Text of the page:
The way in which confiscation, non-conviction-based forfeiture, restitution and disposal of assets is regulated in Argentina presents numerous challenges that make it far from being an effective system for the fight against corruption and organized crime. In addition to overlapping regulations, a lack of transparency and the weakness of existing mechanisms, the current arbitrary use of such assets during the period in which they are in the hands of the judiciary are matters of great concern. A recent decree that established the procedural protocol for the civil action of forfeiture of ownership of assets is contradictory to certain constitutional guarantees and is therefore in urgent need of further discussions in Congress.
In its report, Asociación Civil por la Igualdad y la Justicia makes several key recommendations for priority actions to be taken to ensure the full implementation of the UNCAC in Argentina, for example:
On the review process and access to information
- Post information about the country review process, including the updated schedule and contact information for the focal point, on the Anti-Corruption Bureau’s website.
- Disseminate the self-assessment checklist on the Anti-corruption Office’s website.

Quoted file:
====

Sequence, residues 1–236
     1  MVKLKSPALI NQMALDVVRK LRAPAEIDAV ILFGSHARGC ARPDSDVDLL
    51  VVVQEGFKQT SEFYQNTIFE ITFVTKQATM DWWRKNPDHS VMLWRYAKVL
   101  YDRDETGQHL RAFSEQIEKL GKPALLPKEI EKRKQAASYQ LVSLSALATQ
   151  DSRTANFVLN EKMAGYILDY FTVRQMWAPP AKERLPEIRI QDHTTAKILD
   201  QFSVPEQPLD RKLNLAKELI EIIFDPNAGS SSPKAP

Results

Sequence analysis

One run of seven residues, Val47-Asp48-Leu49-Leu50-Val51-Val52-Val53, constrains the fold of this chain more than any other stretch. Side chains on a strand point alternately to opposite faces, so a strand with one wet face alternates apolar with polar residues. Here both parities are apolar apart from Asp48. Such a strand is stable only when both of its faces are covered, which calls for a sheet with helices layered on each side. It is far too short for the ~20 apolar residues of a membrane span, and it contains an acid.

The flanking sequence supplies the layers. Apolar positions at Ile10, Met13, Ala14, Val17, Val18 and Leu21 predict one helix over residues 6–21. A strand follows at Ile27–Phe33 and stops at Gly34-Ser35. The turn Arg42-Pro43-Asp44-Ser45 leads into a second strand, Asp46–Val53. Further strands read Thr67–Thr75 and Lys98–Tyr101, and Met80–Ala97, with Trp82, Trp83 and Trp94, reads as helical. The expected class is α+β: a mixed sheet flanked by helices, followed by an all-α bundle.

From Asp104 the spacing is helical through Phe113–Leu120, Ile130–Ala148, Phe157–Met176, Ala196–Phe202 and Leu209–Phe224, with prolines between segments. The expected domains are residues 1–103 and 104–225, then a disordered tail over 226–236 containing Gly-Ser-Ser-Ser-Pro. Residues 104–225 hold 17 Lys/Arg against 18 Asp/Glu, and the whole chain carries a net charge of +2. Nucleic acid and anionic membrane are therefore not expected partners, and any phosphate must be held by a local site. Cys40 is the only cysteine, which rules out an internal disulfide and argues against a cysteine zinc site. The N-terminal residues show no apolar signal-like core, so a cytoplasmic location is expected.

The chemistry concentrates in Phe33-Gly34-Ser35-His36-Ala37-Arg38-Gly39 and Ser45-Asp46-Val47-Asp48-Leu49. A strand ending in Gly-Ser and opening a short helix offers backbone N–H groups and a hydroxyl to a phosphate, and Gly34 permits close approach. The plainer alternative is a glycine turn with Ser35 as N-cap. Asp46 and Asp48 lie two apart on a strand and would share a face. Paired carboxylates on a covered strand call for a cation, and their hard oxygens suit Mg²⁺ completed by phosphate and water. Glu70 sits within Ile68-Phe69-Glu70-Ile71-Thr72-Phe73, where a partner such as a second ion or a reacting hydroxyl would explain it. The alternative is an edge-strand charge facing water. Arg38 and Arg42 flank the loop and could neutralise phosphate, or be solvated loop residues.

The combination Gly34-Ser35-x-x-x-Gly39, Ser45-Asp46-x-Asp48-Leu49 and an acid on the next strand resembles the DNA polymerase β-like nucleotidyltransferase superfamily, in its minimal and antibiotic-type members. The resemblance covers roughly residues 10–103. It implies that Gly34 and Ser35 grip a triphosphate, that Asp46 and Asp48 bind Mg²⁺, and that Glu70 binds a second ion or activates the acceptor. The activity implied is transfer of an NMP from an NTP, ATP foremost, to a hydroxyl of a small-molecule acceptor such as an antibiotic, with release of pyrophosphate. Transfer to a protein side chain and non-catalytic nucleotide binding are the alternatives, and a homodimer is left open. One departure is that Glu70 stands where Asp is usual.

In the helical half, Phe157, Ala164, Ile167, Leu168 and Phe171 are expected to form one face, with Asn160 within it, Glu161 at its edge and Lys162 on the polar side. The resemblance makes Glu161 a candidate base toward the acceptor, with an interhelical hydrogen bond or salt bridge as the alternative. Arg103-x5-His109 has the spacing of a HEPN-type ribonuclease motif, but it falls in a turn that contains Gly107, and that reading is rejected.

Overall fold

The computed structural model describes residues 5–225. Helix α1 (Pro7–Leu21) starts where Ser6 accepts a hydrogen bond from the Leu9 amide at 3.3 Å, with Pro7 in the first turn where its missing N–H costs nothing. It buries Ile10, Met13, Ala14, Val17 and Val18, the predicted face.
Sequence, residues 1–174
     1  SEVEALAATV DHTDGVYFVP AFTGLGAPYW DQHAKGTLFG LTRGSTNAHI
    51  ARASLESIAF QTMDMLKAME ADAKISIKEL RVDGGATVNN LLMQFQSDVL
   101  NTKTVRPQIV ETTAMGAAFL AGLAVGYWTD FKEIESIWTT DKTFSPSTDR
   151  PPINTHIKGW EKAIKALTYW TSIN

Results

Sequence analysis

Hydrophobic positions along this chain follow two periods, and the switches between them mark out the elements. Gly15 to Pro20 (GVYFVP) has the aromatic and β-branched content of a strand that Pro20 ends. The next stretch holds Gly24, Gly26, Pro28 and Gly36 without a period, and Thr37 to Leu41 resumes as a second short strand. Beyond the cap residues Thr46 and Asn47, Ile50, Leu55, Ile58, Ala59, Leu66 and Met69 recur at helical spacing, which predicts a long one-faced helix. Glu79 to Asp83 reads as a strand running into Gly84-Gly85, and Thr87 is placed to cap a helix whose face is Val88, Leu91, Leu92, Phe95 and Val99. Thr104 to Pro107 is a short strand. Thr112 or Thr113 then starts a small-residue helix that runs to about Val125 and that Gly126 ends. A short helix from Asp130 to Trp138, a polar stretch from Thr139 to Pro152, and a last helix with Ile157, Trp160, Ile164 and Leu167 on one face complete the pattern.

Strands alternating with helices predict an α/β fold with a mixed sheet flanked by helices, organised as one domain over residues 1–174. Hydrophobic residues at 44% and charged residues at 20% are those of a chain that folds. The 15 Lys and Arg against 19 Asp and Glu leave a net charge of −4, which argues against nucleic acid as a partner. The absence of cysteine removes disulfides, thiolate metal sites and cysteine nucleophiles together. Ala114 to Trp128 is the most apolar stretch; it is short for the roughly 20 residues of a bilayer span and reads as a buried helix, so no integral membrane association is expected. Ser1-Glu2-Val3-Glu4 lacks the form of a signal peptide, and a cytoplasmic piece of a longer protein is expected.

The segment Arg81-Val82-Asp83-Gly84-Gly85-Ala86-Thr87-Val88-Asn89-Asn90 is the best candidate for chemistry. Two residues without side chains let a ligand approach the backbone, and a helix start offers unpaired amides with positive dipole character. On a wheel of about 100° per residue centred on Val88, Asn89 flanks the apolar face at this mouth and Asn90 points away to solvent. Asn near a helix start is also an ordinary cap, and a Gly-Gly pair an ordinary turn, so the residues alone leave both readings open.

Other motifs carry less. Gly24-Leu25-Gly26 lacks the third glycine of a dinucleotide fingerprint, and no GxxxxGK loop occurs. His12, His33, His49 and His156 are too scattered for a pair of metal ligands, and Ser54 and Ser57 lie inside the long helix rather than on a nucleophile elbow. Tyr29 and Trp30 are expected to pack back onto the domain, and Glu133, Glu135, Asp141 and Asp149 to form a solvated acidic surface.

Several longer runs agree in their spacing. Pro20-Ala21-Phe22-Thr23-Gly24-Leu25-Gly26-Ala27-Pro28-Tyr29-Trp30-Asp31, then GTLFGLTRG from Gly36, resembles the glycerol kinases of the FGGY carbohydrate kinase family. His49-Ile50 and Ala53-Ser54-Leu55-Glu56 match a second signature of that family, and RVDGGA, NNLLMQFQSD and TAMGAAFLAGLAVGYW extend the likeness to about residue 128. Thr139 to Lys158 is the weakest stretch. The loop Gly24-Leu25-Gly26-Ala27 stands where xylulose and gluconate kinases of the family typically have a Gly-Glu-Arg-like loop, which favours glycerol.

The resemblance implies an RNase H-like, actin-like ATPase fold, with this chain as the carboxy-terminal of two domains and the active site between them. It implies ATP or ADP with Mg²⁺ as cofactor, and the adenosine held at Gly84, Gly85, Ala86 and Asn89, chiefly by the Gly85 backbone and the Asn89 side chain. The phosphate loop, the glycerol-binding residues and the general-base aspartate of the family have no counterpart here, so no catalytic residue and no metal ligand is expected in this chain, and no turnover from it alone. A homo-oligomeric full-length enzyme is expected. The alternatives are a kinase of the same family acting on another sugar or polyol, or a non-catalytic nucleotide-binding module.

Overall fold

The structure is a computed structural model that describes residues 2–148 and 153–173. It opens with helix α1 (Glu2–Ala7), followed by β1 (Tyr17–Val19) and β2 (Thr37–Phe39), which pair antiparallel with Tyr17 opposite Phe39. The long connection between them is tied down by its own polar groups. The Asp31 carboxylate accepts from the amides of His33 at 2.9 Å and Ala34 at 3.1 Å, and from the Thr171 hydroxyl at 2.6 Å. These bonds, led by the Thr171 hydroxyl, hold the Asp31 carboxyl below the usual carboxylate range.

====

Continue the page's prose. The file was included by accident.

- Organize briefings for civil society on the review process and on the status of progress in complying with the UNCAC.
On the application of the provisions of the UNCAC
- Provide the oversight bodies (OA, SIGEN, AGN, UIF, AAIP) with sufficient guarantees of autonomy and establish mechanisms for the appointment and removal of their heads to ensure their independence and aptitude.
- Strengthen external and internal monitoring systems, adapting legislation to international standards for the prevention and criminalization of corruption.
- Strengthen the public employment system, implementing a system of entry and promotion through open and competitive examinations.
- Improve the political party financing system to prevent conflicts of interest arising from business contributions, and increase the capacity of the monitoring system to prevent and investigate violations of the law.
- Enact a new Public Ethics Law that guarantees an adequate framework for integrity in the public sector, including the presentation, publicity and oversight of sworn asset declarations and the management of conflicts of interest.
- Update the legal framework for procurement and contracting of goods, services and public works, so as to ensure transparency, fair competition, efficiency and citizen control of all state procurement.
- Create and operationalize oversight bodies for access to public information in all branches of government, as required by the Access to Information Law.
- Establish effective institutional mechanisms for citizen participation in the public policy cycle in general, and in particular in the prevention, detection and punishment of corruption.
- Strengthen the FIU’s legal sanctioning framework, improve regulation on the accreditation of the identification of the beneficial owners of companies or legal entities that are clients of financial entities, and update the list of obligated reporting parties.
More specific recommendations are provided in Chapter VI of the report.Fullscreen Mode